Personal and Career Development

Consistency – the key to success

Consistency – the key to success
Aug 21, 08 1:59 am

By Rob Rush, President and CEO, LRA Worldwide, Inc.

OK, let’s get down to the bottom of this. Please stand up and raise your hand if you’ve been “WOW-ed” lately. At the supermarket, dry cleaner, health club or hotel. Where have you had your socks knocked off…and then cleaned, pressed, folded and put away?

How about a truly awful experience? Give me a shout out if you’ve been mistreated, ignored or taken for granted. Where have you had an experience that brought you from a simmer, to a slow boil… and then to a frothing, steaming, spewing cauldron of frustration?What’s that you say? You have both types of experience on a regular basis, often from the same company? Well, which one makes a greater impact and sticks with you longer, the gauzy sunshine or the raging volcano?I think we all know the answer to that one. The sour taste of a poor experience is far more likely to overpower the sweetness of a “WOW”…and linger. Yet many companies still try to haphazardly swing for the fences, both in message and delivery, ignoring the negative impact of the whiff in exchange for the rare but intoxicating rush of the home run.In keeping with the baseball analogy, it might help to illustrate my point by introducing you to the baseball statistic of Slugging Percentage, which measures how far a player makes it around the bases each at-bat. Let’s say Player A bats four times in a game, and hits a home run to go with three strikeouts; Player B bats four times in the same game and notches four singles. Both players have an identical slugging percentage of 1.000, indicating that on average they totaled one base per at bat. In reality? Player A brought his team closer to the end of an inning three times in the game, while Player B kept the inning going, each time.And in baseball-like in business-you can stay at bat forever if you keep hitting singles. However, you will quickly find yourself playing defense if you focus all of your attention on one big hit at the expense of three feeble outs. And the hospitality industry is no exception.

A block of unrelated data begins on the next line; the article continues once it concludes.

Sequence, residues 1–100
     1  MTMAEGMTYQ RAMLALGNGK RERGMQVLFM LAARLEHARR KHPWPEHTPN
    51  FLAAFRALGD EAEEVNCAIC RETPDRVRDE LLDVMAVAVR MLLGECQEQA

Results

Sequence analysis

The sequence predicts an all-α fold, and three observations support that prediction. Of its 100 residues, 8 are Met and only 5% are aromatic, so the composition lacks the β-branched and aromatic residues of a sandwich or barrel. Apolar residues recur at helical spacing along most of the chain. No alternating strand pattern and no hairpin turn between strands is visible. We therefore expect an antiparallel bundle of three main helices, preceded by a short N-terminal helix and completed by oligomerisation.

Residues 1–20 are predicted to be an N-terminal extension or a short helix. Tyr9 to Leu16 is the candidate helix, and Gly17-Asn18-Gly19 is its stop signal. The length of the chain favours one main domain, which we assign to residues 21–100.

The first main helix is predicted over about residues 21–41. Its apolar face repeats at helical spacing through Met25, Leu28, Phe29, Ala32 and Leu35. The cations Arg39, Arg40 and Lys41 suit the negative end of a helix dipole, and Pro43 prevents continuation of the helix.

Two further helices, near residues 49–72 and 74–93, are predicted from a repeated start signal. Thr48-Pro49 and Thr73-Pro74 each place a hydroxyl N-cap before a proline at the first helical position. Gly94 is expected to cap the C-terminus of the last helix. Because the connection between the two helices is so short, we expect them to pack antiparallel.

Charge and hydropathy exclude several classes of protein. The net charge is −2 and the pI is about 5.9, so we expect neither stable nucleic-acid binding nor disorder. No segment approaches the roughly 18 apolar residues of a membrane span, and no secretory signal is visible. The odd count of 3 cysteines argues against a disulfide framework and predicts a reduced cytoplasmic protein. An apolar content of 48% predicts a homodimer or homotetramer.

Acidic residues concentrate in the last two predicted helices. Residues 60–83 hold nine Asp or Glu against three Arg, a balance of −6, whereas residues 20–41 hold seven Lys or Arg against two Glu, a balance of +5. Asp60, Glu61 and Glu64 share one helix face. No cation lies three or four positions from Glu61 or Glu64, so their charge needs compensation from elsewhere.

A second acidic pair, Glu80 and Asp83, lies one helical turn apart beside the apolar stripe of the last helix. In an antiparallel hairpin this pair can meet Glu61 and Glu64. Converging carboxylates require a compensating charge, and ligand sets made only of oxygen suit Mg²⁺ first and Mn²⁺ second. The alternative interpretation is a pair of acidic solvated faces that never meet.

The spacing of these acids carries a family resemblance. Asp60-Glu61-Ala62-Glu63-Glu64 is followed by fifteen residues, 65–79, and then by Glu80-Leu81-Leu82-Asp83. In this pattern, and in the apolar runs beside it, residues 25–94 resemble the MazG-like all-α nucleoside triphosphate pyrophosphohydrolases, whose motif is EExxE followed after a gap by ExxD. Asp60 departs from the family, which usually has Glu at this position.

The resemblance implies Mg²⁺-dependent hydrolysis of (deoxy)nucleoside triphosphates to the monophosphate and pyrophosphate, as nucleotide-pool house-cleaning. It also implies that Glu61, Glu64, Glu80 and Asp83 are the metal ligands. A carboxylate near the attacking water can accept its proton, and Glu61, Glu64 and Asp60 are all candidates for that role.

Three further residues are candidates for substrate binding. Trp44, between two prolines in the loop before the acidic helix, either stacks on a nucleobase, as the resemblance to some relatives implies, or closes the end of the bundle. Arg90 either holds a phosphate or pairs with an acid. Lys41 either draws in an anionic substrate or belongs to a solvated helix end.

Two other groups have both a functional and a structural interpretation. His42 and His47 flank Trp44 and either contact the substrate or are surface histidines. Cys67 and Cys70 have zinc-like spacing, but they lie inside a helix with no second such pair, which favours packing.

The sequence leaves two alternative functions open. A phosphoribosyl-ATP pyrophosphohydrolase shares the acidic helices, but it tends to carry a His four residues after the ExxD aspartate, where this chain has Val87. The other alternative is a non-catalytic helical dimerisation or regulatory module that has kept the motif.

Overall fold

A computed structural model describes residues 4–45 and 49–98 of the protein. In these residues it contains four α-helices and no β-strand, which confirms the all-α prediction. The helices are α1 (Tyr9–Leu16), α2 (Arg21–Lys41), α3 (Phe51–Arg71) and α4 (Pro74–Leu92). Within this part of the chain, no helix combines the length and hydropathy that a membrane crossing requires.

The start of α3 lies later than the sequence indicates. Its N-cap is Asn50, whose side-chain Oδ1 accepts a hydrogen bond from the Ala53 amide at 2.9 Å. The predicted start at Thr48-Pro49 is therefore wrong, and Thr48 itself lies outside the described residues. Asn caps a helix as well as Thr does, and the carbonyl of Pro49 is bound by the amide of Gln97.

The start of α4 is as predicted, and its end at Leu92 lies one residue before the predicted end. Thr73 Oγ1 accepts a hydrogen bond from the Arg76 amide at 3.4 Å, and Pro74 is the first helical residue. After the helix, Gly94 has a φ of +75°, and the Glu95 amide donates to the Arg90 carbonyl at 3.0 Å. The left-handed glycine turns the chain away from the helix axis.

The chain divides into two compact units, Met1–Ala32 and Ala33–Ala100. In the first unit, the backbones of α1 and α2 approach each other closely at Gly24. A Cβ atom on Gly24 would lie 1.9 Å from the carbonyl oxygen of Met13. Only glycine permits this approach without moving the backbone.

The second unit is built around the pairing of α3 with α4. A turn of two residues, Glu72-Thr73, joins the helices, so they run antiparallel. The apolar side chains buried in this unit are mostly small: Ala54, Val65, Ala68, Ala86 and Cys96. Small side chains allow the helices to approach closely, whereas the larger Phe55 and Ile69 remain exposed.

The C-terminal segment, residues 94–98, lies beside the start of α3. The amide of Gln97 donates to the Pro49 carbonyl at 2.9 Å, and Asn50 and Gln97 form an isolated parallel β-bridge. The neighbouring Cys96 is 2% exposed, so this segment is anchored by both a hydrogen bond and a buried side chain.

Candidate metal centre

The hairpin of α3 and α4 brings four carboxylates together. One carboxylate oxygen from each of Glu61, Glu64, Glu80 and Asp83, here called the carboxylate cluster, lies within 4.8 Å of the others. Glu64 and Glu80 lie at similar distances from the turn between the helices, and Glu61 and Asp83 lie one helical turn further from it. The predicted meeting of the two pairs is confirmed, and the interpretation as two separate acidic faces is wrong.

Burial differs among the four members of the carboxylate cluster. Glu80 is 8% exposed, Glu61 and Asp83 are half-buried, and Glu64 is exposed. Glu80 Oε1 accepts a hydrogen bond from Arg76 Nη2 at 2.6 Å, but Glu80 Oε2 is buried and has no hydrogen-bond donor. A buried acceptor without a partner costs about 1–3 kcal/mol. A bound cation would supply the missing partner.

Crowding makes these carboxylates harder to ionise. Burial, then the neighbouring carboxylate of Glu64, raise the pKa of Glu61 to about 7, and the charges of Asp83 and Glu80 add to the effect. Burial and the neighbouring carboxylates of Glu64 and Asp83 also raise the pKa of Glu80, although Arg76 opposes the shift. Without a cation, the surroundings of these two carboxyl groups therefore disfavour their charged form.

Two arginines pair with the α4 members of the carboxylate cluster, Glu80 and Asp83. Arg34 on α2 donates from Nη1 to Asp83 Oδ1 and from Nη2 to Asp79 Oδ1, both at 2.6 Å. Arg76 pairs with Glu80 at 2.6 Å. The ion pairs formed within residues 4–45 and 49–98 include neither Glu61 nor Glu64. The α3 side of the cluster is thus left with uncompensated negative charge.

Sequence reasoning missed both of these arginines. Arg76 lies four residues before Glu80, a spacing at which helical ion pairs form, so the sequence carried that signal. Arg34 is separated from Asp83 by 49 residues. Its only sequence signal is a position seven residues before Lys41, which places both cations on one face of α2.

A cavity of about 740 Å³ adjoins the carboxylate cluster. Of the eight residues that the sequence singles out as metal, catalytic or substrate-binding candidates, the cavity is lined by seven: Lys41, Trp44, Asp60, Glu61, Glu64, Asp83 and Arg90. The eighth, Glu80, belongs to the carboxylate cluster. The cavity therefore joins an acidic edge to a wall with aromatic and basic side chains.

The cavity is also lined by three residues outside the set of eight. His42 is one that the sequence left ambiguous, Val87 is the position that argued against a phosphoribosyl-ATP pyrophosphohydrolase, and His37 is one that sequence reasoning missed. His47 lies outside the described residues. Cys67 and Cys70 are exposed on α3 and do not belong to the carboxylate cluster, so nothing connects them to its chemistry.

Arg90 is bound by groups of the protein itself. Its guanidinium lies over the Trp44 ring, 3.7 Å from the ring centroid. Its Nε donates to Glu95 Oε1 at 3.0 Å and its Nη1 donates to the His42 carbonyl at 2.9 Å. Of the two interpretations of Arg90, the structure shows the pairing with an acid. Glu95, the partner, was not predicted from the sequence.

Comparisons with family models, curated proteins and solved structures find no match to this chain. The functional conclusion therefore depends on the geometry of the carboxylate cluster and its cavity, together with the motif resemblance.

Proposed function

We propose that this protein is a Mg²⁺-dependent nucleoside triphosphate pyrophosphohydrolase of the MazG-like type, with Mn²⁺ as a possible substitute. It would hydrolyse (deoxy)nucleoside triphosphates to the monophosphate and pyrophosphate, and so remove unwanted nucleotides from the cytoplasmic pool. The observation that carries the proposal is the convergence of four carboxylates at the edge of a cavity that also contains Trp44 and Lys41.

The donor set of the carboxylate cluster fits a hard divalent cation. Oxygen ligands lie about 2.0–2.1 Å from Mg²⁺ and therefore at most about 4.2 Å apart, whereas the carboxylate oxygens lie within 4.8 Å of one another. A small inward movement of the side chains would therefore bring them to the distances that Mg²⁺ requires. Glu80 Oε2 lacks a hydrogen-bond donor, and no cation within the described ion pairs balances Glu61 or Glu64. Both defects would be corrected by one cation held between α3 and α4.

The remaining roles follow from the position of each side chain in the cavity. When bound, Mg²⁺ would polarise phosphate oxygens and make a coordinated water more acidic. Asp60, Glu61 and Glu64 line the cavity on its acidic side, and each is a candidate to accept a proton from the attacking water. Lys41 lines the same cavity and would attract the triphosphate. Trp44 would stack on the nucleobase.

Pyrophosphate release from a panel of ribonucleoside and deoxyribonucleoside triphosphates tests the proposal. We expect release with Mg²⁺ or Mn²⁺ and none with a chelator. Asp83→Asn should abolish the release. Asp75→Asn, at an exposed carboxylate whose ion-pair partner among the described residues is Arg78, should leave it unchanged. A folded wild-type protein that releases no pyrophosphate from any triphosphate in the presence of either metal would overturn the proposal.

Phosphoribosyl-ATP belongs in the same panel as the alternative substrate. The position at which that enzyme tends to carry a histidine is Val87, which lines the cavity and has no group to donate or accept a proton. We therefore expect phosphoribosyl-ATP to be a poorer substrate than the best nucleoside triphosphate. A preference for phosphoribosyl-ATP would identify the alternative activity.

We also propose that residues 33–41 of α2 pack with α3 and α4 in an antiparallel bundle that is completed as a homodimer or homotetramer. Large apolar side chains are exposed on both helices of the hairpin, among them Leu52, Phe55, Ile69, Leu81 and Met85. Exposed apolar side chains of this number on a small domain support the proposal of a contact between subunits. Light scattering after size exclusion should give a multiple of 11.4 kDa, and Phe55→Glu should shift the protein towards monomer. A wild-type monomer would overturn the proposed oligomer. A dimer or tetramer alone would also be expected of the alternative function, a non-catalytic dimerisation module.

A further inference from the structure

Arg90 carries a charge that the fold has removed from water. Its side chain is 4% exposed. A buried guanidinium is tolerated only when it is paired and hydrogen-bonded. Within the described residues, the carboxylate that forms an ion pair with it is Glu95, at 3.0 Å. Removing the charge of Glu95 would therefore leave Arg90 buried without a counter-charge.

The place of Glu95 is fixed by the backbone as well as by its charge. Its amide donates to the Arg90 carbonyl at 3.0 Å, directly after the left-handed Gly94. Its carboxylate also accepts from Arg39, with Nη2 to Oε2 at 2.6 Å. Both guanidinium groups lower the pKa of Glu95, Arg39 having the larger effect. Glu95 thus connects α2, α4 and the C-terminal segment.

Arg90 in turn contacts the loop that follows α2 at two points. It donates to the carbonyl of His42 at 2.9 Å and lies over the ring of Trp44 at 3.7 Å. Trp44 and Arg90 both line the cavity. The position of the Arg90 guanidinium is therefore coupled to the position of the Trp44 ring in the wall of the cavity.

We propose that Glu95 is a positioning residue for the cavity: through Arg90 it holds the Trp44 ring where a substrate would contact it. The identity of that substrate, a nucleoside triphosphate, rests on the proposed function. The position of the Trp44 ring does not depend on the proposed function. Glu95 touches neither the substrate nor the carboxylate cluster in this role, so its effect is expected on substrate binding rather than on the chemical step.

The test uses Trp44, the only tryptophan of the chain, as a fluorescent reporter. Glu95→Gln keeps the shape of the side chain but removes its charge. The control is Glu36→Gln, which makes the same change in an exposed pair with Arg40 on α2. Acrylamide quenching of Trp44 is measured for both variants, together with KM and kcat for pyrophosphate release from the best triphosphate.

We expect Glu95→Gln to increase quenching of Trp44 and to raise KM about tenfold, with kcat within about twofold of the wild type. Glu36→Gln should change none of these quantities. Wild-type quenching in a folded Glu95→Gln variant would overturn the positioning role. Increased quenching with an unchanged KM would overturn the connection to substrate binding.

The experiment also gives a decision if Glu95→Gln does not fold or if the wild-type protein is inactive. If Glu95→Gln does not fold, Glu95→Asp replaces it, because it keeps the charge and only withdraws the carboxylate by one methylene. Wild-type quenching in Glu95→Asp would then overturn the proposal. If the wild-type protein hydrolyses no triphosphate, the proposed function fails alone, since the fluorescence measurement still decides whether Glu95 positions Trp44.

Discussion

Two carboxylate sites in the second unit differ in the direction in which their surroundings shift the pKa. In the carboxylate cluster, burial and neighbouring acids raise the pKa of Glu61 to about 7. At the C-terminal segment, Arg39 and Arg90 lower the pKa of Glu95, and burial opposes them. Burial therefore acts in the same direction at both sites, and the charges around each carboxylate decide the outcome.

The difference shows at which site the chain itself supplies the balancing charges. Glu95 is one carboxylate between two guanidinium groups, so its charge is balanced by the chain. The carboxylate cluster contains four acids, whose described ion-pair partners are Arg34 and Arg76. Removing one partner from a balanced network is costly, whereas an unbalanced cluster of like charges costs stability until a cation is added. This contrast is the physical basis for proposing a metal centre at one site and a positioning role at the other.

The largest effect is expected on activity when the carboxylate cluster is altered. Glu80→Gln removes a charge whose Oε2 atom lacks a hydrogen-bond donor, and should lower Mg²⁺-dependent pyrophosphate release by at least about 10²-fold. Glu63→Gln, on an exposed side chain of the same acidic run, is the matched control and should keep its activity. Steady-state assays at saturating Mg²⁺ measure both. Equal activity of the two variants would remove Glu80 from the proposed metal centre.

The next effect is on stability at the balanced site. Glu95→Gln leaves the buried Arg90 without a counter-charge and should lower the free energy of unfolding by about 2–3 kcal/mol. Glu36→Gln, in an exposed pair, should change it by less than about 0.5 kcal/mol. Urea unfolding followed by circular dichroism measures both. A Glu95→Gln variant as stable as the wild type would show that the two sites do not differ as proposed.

You aren’t going to keep your doors open by WOW-ing every fourth guest and whiffing with the other three. The recipient of the WOW may become a loyal guest, but certainly won’t occupy every room in the joint. Delivering consistently to all four guests? That keeps your RevPAR climbing and the metaphorical inning alive.So what are the keys to consistency? How do you best set up your organization to keep the customer in his/her comfort zone with metronomic regularity?I could lay out some consultant-speak, some frameworks and models for operational consistency and scalability, perhaps some Six Sigma Black Belt-derived words of wisdom. And they would be helpful.(Dreadfully dry and boring for the purposes of this article. But helpful.)But all you really need to do is remember your last diet or exercise regimen or New Year’s resolution. There’s probably a common thread throughout the successful efforts and the opposite commonality within those that went down in flames. That thread is best illustrated by the conversation I had with a trainer the last time I embarked on a training regimen.”What exercises,” I asked innocently, “are the best for me?”He replied after some deep thought. “The best exercises for you are whichever ones you are actually going to do.”Hmph.So apparently I’m not going to transform myself into a rough, buff triathlon-running machine by training like Jack LaLanne one day and Jack Daniels the next. The key is figuring out what training like Rob Rush looks and feels like and doing that day in, day out.(Or at least five times a week. Sometimes less if I’m traveling. But you know what I mean…)